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Emerg Med J. 2007 April; 24(4): 309.
PMCID: PMC2658250

Emergency Casebook

Serotonin syndrome

Serotonin Syndrome is an underreported and underecognised condition that occurs on administration of selective serotonin re‐uptake inhibitors alone, or in combination with other medication known to increase levels of 5‐ Hydroxytryptamine. This case demonstrates the signs and symptoms associated with this condition and illustrates the importance of recognition of this syndrome in order to instigate appropriate treatment for the patient. The report illustrates a severe case of serotonin syndrome unusually resulting from the overdose of a single serotonergic agent, paroxetine. The patient developed the classic signs & symptoms which include changes in mental status, neuromuscular hyperactivity and autonomic instability within hours of ingestion which initially puzzled the clinicians involved. The incidence of this condition is unknown but is likely to be underreported because it is not recognized or is confused with neuroleptic malignant syndrome. This potentially life‐threatening condition requires a heightened clinical awareness in order to recognise and treat the condition promptly.

[filled triangle] Evans CE, Sebastian J. Serotonin syndrome. Emerg Med J 2006;24:e20. http://emjonline.com/cgi/content/full/24/4/e20 doi: 10.1136/emj.2006.040550.

Not the typical winter cough

We report on a young adult with a foreign body lodged in the right main bronchus for at least 5 days, with no alleged recollection of aspiration despite the size and shape of the object, which was removed successfully by rigid bronchscopy.

[filled triangle] Parra Sanchez G, Chetty G, Sarkar PK. Not ht etypical winter cough. Emerg Med J 2006;24:e21. http://emjonline.com/cgi/content/full/24/4/e21 doi: 10.1136/emj.2006.040774.

Cardiac tamponade due to ingested gastric foreign body

Ingestion of foreign bodies is a well‐recognised problemin children and adults with psychiatric conditions and personality disorders. Patients may be asymptomatic or may present with symptoms and signs of gastrointestinal obstructions, perforation and/or bleeding. A rare case of an ingested foreign body in the stomach causing pericardial tamponade is described here.

[filled triangle] Kelly M, Ferguson N, Sutcliffe R, et al. Cardiac tamponade due to ingested gastric foreign body. Emerg Med J 2006;24:e22. http://emjonline.com/cgi/content/full/24/4/e22 doi: 10.1136/emj.2006.040949.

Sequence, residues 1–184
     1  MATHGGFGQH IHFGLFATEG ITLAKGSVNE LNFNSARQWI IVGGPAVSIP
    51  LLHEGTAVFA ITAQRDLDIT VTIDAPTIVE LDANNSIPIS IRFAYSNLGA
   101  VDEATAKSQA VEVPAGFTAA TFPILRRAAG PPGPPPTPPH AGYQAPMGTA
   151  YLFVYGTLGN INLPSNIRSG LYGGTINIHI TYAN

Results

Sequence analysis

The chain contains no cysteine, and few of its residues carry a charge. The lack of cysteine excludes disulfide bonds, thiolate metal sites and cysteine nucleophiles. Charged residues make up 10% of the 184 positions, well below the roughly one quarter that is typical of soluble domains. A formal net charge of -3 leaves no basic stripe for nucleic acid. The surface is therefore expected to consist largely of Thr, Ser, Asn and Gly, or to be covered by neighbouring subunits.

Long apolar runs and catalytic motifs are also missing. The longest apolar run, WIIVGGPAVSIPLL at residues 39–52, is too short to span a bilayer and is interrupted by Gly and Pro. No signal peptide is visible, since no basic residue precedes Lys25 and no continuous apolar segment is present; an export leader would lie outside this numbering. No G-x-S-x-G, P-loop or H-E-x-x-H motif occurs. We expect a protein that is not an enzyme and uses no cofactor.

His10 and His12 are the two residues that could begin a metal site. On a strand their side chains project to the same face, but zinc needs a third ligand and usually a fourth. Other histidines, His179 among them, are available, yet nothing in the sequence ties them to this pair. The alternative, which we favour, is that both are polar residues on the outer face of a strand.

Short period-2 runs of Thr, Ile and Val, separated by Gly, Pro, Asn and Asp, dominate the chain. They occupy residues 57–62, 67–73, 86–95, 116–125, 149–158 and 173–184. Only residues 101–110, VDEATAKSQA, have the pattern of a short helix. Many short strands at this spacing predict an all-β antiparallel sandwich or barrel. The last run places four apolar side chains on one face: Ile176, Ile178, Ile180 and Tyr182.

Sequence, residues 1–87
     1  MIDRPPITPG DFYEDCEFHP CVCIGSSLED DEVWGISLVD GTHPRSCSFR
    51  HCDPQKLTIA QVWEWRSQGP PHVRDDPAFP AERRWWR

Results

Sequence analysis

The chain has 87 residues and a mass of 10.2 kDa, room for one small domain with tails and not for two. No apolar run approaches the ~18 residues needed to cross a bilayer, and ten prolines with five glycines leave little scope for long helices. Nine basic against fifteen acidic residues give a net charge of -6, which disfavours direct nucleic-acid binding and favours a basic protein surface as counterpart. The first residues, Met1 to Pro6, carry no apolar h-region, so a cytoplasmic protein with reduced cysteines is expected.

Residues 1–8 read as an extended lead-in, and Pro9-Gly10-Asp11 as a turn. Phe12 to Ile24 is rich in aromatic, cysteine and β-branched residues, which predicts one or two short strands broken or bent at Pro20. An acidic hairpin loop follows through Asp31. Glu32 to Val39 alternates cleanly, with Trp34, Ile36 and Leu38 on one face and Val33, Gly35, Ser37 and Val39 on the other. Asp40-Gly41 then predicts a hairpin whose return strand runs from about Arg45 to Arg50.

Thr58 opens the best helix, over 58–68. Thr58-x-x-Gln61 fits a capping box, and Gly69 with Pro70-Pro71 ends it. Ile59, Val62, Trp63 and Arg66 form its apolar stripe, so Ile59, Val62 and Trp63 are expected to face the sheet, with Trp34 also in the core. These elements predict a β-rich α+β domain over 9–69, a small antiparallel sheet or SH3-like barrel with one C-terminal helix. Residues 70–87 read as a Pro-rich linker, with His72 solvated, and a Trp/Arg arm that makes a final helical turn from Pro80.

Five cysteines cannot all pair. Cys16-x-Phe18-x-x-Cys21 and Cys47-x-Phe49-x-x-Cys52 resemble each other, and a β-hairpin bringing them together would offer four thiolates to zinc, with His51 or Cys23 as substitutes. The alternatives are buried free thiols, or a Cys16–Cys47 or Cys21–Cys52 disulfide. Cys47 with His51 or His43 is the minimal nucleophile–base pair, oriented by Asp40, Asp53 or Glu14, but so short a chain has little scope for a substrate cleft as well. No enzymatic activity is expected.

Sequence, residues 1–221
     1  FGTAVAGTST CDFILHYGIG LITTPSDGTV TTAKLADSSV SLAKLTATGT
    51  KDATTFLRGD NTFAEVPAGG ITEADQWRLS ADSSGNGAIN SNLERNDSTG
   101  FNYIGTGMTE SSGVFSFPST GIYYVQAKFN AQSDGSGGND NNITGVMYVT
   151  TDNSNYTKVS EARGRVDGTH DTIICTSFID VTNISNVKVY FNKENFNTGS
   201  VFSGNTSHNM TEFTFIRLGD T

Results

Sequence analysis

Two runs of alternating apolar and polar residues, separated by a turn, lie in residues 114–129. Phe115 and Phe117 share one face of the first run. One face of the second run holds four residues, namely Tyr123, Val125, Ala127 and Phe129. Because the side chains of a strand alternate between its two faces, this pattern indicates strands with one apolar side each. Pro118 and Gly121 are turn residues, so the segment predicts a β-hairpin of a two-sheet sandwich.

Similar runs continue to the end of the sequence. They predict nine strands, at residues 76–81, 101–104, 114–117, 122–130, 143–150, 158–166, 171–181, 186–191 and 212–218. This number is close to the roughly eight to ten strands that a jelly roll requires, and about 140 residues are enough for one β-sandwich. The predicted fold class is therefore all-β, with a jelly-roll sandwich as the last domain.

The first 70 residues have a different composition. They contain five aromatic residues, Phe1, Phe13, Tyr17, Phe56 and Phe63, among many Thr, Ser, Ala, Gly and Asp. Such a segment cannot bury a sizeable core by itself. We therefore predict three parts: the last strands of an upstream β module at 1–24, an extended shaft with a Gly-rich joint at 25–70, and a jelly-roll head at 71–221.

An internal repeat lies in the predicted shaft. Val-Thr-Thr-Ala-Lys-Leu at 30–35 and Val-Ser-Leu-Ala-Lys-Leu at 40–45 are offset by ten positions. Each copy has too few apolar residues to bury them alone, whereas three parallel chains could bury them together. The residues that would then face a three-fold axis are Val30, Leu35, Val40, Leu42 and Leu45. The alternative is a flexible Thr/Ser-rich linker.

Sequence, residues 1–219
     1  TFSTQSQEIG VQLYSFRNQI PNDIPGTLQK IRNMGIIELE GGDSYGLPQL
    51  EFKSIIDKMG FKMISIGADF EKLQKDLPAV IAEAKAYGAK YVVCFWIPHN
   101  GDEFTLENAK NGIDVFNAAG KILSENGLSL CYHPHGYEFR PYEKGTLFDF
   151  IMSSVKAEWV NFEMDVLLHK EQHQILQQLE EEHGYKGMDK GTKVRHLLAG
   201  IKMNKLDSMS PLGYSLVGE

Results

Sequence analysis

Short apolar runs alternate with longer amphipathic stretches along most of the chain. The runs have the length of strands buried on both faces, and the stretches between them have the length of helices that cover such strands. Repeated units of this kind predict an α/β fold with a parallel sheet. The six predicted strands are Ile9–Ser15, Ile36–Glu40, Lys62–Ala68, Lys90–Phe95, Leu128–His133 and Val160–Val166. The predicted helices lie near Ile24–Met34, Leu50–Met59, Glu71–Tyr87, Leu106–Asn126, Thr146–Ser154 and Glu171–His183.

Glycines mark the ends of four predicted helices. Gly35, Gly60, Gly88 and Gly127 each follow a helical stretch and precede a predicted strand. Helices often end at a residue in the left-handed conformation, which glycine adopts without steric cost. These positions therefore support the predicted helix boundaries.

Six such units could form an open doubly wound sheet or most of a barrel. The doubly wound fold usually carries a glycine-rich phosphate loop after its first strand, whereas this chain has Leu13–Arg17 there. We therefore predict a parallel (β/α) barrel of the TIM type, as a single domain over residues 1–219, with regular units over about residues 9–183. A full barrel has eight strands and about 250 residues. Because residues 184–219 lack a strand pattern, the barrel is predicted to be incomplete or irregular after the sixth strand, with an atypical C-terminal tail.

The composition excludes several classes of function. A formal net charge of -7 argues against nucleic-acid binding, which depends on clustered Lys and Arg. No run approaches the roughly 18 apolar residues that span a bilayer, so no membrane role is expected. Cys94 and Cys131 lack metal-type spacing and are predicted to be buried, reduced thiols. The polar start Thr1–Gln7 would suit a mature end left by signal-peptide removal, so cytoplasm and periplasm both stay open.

Acute neck pain: An atypical presentation of subarachnoid haemorrhage

Subarachnoid haemorrhage can be a massively debilitating condition with long‐term repercussions. The “classic” presentation of sudden‐onset severe headache normally raises suspicions. However, if the presentation is atypical, the diagnosis may be missed. We report on a 52‐year‐old man who presented with a 1‐day history of progressively worsening right‐sided neck pain spreading to the chest with associated symptoms of autonomic dysfunction. After initial stabilisation, the patient's Glasgow Coma Scale score declined, with subsequent CT scan showing an extensive subarachnoid haemorrhage.

[filled triangle] Ahmed J, Blakeley C, Sakar R, et al. Acute neck pain: An atypical presentation of subarachnoid haemorrhage. Emerg Med J 2006;24:e23. http://emjonline.com/cgi/content/full/24/4/e23 doi: 10.1136/emj.2006.041954.

Walked in with Boerhaave's…

Boerhaave's syndrome is a transmural rupture of the oesopahgus. It is a rarer, and less well described complication of forceful emesis. The more common complication being a non‐transmural Mallory‐Weiss tear. Boerhaave's is the most lethal perforation of the GI tract and has a mortality rate between 10 and 50%.

It most commonly occurs after indulgence in food or alcohol, particularly in males aged 50–70 years. The well described presentation is of a middle aged man with a sudden onset of severe chest pain in the lower thorax/upper abdomen following repeated retching or vomiting induced by excessive dietary and alcohol intake. However, atypical presentations are common. Presented here is the case of a 26‐year‐old man who attended accident and emergency department complaining of chest pain. Initial examination was normal. He was subsequently diagnosed with Boerhaave's syndrome. This case highlights the varied presentation of this potentially fatal condition.

[filled triangle] Lewis AM, Dharmarajah R. Walked in with Boerhaave's…. Emerg Med J 2006;24:e24. http://emjonline.com/cgi/content/full/24/4/e24 doi: 10.1136/emj.2006.043471.

A mimicry of an acute coronary syndrome

A 79‐year‐old woman was out in the garden having lunch on a hot summer's day. She developed stabbing chest pains more severe on her left side, associated with radiation down her left arm. Severity was 7 out of 10. There was no relief of pain with glyceryl trinitrate spray. Risk factors for ischaemi heart disease include hyperlipidaemis, being an ex‐smoker 40 years ago, no history of diabetes of hypertension. There was a family history of her father having a myocardial infarction at the age of 54. ECG revealed winde‐spread deep symmetrical T‐wave inversion in the chest leads and lateral limb leads.

[filled triangle] Teo B. A mimicry of an acute coronary syndrome. Emerg Med J 2006;24:e25. http://emjonline.com/cgi/content/full/24/4/e25 doi: 10.1136/emj.2006.044891.


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